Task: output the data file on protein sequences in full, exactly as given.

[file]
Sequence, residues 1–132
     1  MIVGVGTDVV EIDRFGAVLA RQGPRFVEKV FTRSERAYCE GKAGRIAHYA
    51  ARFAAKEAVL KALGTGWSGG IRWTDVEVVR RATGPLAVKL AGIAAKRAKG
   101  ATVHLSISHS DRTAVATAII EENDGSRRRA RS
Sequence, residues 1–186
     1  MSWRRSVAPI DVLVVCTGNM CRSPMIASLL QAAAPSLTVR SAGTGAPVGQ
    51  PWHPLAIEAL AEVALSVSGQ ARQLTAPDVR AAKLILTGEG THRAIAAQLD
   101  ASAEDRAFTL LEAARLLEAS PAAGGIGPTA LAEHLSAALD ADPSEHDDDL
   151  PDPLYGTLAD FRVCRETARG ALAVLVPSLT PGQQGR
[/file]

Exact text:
Sequence, residues 1–132
     1  MIVGVGTDVV EIDRFGAVLA RQGPRFVEKV FTRSERAYCE GKAGRIAHYA
    51  ARFAAKEAVL KALGTGWSGG IRWTDVEVVR RATGPLAVKL AGIAAKRAKG
   101  ATVHLSISHS DRTAVATAII EENDGSRRRA RS
Sequence, residues 1–186
     1  MSWRRSVAPI DVLVVCTGNM CRSPMIASLL QAAAPSLTVR SAGTGAPVGQ
    51  PWHPLAIEAL AEVALSVSGQ ARQLTAPDVR AAKLILTGEG THRAIAAQLD
   101  ASAEDRAFTL LEAARLLEAS PAAGGIGPTA LAEHLSAALD ADPSEHDDDL
   151  PDPLYGTLAD FRVCRETARG ALAVLVPSLT PGQQGR